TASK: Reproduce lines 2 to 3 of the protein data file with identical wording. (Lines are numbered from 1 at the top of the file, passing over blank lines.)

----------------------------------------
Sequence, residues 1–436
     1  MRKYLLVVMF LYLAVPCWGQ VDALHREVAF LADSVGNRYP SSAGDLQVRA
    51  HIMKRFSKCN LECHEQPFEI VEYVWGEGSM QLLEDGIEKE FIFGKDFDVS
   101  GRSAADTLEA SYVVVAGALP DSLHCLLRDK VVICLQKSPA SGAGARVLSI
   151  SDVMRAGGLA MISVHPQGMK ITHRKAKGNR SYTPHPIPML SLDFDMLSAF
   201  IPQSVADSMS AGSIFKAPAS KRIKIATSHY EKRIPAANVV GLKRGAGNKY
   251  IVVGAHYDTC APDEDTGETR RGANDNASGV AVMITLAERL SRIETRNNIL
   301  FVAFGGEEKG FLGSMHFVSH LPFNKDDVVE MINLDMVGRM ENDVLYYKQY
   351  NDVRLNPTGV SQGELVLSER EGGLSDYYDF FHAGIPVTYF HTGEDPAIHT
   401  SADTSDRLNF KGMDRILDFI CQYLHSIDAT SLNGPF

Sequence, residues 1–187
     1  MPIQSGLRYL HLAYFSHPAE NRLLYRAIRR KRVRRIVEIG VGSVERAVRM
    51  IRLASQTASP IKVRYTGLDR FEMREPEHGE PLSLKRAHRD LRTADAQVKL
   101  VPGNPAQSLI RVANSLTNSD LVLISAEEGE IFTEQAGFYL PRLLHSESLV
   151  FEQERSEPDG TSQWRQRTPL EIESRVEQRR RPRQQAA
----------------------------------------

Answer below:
     1  MRKYLLVVMF LYLAVPCWGQ VDALHREVAF LADSVGNRYP SSAGDLQVRA
    51  HIMKRFSKCN LECHEQPFEI VEYVWGEGSM QLLEDGIEKE FIFGKDFDVS